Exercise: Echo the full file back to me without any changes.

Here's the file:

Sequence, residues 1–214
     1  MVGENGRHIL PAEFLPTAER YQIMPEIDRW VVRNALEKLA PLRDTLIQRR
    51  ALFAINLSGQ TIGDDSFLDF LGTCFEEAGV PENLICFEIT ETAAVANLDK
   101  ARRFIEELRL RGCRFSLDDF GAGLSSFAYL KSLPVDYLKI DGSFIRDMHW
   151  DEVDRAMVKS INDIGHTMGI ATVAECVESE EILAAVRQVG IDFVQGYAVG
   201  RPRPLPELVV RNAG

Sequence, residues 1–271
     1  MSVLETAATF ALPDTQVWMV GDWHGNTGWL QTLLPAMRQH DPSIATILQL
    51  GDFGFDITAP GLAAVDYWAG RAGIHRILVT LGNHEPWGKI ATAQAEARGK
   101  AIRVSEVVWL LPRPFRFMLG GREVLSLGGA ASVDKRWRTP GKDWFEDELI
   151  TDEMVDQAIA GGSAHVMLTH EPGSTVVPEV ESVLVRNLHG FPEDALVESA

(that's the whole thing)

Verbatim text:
Sequence, residues 1–214
     1  MVGENGRHIL PAEFLPTAER YQIMPEIDRW VVRNALEKLA PLRDTLIQRR
    51  ALFAINLSGQ TIGDDSFLDF LGTCFEEAGV PENLICFEIT ETAAVANLDK
   101  ARRFIEELRL RGCRFSLDDF GAGLSSFAYL KSLPVDYLKI DGSFIRDMHW
   151  DEVDRAMVKS INDIGHTMGI ATVAECVESE EILAAVRQVG IDFVQGYAVG
   201  RPRPLPELVV RNAG

Sequence, residues 1–271
     1  MSVLETAATF ALPDTQVWMV GDWHGNTGWL QTLLPAMRQH DPSIATILQL
    51  GDFGFDITAP GLAAVDYWAG RAGIHRILVT LGNHEPWGKI ATAQAEARGK
   101  AIRVSEVVWL LPRPFRFMLG GREVLSLGGA ASVDKRWRTP GKDWFEDELI
   151  TDEMVDQAIA GGSAHVMLTH EPGSTVVPEV ESVLVRNLHG FPEDALVESA